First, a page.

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Taken: Oregonians Arrested after Pearl Harbor


How Was This Possible?: Masuo Yasui

The INS hearing board member produced drawings made by Masuo’s children, showing how the locks of the Panama Canal worked:

Then the officer asked my father to explain why they were in our home. "If they were in my home," my father replied, "it seems to me that they were drawings done by my children for their schoolwork."...The officer said, "No, we think you've cleverly disguised your nefarious intent and are using your children merely as a cover. We believe you had intent to damage the Panama Canal." To which my father vehemently replied, "No, no, no!" And then the officer said pointedly, "Prove that you didn’t intend to blow up the Panama Canal!"

The Alien Enemy Control unit had the final say in the matter. Masuo Yasui remained interned for four years, and was released in 1946. And, in fact, not a single case of espionage or sabotage on the part of Japanese nationals was discovered in the course of the INS hearings. [Testuden Kashima, Judgment Without Trial ]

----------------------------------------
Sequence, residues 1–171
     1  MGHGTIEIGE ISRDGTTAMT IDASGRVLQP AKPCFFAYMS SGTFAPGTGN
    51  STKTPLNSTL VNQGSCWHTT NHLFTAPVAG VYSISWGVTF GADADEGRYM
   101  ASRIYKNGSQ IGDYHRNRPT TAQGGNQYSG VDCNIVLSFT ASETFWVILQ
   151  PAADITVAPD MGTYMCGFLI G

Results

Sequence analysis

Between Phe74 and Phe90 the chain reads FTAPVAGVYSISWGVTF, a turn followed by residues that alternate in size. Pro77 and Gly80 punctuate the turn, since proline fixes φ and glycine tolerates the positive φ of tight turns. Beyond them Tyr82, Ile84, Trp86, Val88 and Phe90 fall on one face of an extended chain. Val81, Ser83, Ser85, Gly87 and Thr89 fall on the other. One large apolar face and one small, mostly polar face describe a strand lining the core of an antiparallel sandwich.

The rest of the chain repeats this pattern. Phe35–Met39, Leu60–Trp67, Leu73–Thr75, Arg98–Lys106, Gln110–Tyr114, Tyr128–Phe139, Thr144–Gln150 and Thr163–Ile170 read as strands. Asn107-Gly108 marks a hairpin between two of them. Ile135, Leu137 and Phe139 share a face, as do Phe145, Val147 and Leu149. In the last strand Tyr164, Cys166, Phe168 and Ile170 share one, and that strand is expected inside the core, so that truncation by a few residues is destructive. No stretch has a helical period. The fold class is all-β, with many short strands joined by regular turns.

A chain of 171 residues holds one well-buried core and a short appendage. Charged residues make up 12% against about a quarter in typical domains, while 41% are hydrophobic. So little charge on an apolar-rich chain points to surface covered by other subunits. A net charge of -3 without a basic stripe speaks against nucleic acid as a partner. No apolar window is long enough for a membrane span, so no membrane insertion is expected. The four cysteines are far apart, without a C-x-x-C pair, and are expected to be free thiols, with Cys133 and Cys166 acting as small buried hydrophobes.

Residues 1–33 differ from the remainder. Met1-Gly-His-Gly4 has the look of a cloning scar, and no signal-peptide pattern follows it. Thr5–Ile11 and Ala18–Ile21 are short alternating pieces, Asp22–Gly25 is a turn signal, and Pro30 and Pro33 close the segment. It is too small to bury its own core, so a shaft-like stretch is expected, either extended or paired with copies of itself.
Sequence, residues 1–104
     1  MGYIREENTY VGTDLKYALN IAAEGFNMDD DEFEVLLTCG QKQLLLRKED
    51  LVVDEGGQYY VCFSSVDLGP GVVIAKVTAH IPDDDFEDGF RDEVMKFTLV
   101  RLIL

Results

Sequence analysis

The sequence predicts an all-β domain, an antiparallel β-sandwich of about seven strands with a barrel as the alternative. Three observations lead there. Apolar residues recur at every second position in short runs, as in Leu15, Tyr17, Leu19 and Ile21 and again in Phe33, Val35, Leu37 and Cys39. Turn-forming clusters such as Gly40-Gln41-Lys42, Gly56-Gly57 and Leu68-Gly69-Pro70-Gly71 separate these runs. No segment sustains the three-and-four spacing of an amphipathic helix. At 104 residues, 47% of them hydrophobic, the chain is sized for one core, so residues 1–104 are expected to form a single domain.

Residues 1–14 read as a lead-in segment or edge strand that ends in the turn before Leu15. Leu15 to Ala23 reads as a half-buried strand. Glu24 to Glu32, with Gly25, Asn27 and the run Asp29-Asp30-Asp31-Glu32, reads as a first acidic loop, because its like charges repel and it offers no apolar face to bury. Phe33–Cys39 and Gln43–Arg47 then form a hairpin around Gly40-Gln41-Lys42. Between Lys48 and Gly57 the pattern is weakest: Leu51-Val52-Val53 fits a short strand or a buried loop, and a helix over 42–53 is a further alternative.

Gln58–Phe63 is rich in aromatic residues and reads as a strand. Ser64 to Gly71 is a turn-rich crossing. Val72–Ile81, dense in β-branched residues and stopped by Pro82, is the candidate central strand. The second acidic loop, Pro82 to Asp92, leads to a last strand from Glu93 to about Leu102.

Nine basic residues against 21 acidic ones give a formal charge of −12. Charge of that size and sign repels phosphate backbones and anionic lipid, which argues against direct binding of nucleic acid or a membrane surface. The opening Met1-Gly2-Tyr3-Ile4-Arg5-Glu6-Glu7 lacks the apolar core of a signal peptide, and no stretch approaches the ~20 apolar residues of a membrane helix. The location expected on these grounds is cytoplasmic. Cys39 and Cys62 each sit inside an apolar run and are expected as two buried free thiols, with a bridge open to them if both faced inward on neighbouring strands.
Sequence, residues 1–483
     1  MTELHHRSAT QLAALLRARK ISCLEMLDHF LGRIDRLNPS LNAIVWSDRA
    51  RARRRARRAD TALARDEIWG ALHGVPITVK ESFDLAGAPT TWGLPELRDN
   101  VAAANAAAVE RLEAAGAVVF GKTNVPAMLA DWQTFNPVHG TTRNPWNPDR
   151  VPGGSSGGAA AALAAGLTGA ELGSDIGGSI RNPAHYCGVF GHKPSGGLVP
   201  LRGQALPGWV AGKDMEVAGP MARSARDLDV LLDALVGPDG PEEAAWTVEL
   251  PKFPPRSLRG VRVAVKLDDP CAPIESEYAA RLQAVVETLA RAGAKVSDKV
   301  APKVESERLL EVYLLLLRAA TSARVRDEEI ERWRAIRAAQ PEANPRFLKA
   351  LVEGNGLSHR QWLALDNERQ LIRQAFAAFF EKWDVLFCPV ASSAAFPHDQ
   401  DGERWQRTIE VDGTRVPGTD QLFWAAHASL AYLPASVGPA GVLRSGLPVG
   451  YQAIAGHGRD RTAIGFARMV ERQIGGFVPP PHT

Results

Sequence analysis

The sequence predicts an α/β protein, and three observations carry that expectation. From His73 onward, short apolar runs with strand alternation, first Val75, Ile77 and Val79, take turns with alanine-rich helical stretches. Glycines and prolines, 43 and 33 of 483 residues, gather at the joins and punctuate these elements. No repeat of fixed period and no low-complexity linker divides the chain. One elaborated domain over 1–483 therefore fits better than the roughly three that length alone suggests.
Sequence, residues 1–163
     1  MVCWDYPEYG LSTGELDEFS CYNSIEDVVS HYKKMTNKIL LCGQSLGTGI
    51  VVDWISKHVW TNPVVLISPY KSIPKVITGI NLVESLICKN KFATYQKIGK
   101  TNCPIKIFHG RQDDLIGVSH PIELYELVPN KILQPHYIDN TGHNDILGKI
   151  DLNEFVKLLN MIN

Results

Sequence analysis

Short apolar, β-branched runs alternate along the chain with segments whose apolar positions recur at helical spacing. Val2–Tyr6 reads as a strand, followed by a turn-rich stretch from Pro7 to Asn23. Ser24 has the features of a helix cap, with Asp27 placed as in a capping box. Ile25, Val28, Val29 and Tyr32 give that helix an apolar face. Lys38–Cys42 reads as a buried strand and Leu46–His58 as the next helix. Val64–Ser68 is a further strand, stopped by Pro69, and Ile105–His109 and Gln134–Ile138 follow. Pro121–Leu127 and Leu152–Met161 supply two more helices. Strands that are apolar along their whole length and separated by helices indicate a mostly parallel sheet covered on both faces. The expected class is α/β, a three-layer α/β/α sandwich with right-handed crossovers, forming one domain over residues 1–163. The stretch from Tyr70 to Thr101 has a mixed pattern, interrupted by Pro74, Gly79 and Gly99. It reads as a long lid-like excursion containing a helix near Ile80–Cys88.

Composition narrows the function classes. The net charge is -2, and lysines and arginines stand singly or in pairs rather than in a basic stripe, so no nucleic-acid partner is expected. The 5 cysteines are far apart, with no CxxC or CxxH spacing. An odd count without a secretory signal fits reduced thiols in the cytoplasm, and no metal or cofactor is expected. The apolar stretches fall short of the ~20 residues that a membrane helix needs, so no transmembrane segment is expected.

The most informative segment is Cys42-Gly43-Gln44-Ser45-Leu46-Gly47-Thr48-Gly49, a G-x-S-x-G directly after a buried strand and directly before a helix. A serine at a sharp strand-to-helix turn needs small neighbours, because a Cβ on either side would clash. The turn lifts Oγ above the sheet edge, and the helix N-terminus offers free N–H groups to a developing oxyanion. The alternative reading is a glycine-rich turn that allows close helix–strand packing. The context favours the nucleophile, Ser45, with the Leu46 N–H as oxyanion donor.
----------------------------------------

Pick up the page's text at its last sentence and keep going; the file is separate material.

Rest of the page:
The suspicions raised by Masuo's imprisonment and the loss of his property, except for a fragment of orchard, made Hood River inhospitable for him after the war. Masuo and Shidzuyo Yasui moved to Portland, where he invested in rental properties and was active in Epworth United Methodist Church. In 1952 Japanese immigrants were finally allowed to become U.S. citizens with the passage of the McCarran-Walter Act. In 1953, he became a citizen and taught citizenship classes to his fellow Issei.

Based on this original

Americanization Class
uploaded by Oregon_Nikkei
Many issei seized the opportunity to become citizens after the government lifted the restriction against Japanese immigrants in 1952. This class is from February 1953 and includes Masuo Yasui, who … More »

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